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Del Castillo v.

People describes the function of a barangay tanod as an agent of persons


in authority. Section 388 of the Local Government Code reads:
Pursuant to a confidential information that petitioner Del
Castillo was engaged in selling shabu, police officers headed by SEC. 388. Persons in Authority. - For purposes of the Revised
SPO3 Bienvenido Masnayon, after conducting surveillance and Penal Code, the punong barangay, sangguniang barangay
test-buy operation at the house of petitioner, secured a search members, and members of the lupong tagapamayapa in each
warrant from the RTC. Upon arrival to the residence of Del Castillo barangay shall be deemed as persons in authority in their
to implement the search warrant, SPO3 Masnayon claimed that he jurisdictions, while other barangay officials and members who may
saw petitioner run towards a small structure, a nipa hut, in front be designated by law or ordinance and charged with the
of his house. Masnayon chased him but to no avail, because he maintenance of public order, protection and security of life and
and his men were not familiar with the entrances and exits of the property, or the maintenance of a desirable and balanced
place. They all went back to the residence of Del Castillo and environment, and any barangay member who comes to the aid of
requested his men to get a barangay tanod and a few minutes persons in authority, shall be deemed agents of persons in
thereafter, his men returned with two barangay tanods who authority.
searched the house of petitioner including the nipa hut where the
petitioner allegedly ran for cover. His men who searched the By virtue of the above provisions, the police officers, as well
residence of the petitioner found nothing, but one of the as the barangay tanods were acting as agents of a person in
barangay tanods was able to confiscate from the nipa hut authority during the conduct of the search. Thus, the search
several articles, including four (4) plastic packs containing conducted was unreasonable. and the confiscated items are
white crystalline substance. inadmissible in evidence.

Thus, an information was filed against Del Castillo for violation of The confiscated items: having been found in a place other than
Section 16, Article III of R.A. 6425 and was found guilty by the the one described in the search warrant, can be considered as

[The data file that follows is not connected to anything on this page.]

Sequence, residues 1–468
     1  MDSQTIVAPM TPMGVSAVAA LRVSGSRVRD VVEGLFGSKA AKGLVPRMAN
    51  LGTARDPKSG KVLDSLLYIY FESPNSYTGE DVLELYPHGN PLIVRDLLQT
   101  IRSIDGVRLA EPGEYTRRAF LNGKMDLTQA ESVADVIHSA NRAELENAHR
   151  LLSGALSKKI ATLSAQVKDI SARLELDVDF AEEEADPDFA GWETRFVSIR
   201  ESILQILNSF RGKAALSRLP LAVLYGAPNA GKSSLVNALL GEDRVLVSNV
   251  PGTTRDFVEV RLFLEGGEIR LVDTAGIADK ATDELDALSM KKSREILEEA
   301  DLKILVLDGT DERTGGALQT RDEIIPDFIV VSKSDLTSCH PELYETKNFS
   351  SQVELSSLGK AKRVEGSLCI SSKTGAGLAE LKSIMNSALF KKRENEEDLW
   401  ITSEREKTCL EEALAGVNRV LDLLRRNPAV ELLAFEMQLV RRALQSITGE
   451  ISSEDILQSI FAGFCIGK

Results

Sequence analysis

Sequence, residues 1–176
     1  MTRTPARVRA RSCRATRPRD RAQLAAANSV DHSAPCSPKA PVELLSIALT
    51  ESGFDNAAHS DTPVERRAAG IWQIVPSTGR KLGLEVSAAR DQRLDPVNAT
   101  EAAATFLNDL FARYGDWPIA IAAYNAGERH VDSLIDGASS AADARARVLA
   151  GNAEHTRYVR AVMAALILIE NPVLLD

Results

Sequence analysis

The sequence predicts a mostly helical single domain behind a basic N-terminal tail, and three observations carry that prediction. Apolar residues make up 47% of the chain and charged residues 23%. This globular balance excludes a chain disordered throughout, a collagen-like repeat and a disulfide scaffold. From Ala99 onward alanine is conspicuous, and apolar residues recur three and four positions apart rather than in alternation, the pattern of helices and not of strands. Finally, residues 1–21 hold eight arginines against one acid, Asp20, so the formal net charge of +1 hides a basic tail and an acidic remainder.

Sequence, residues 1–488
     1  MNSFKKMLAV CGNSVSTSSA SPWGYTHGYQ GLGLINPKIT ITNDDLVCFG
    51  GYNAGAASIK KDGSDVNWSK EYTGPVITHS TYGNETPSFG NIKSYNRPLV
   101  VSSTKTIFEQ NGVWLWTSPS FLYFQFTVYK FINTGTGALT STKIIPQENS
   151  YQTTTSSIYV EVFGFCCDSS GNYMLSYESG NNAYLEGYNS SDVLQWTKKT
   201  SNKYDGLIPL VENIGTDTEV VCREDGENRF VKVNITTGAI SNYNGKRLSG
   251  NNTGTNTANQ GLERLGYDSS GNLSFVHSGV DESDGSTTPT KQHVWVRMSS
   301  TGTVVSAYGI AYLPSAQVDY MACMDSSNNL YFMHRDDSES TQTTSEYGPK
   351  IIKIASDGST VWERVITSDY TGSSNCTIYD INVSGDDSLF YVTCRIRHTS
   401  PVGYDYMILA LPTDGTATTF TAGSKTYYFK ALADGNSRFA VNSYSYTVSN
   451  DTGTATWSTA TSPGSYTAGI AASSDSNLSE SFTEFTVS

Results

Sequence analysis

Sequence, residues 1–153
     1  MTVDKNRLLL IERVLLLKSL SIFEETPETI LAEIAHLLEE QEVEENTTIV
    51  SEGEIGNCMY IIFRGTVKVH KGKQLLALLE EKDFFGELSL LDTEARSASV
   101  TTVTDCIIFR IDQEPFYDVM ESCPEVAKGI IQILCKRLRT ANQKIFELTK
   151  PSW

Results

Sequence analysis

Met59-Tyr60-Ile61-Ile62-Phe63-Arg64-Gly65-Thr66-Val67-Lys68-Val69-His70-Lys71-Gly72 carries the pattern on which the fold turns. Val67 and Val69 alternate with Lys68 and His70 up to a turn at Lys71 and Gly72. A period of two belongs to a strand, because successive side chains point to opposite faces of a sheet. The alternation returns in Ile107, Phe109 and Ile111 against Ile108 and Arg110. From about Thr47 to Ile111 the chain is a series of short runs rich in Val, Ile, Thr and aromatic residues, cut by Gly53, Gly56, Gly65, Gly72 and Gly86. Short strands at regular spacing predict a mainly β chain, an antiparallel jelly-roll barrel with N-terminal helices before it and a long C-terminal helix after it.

RTC and affirmed by the Court of Appeals. Petitioner filed with the fruits of an invalid warrantless search, the presentation of which
Supreme Court the petition for certiorari contending among others as an evidence is a violation of petitioner's constitutional
that CA erred in finding him guilty beyond reasonable doubt of guaranty against unreasonable searches and seizure.
illegal possession of prohibited drugs, because he could not
be presumed to be in possession of the same just because In considering a criminal case, it is critical to start with the law's own
they were found inside the nipa hut. starting perspective on the status of the accused - in all criminal
prosecutions, he is presumed innocent of the charge laid unless the
Section 16, Article III of R.A. 6425: Possession or Use of Regulated contrary is proven beyond reasonable doubt.
Drugs - The penalty of imprisonment ranging from six months and one day
to four years and a fine ranging from six hundred to four thousand pesos Proof beyond reasonable doubt: or that quantum of proof
shall be imposed upon any person who shall possess or use any regulated sufficient to produce a moral certainty that would convince and
drug without the corresponding license or prescription. satisfy the conscience of those who act in judgment, is
indispensable to overcome the constitutional presumption of
Issue: WON petitioner violated Section 16, Article III of R.A. 6425 innocence.
by mere presumption that the petitioner has dominion and control ___________________________________________________
over the place where the shabu was found. Petitioner insists that there was no probable cause to issue the
search warrant, the nipa hut located about 20 meters away from
NO! While it is not necessary that the property to be searched or his house is no longer within the permissible area that may be
seized should be owned by the person against whom the search searched by the police officers due to the distance and that the
warrant is issued, there must be sufficient showing that the search warrant did not include the same nipa hut as one of the
property is under appellants control or possession. (The CA, in places to be searched. DENIED!
its Decision, referred to the possession of regulated drugs by the
petitioner as a constructive one.) The records are void of any The requisites for the issuance of a search warrant are: (1)
evidence to show that petitioner owns the nipa hut in question probable cause is present; (2) such probable cause must be
nor was it established that he used the said structure as a determined personally by the judge; (3) the judge must examine, in
shop. The RTC, as well as the CA, merely presumed that writing and under oath or affirmation, the complainant and the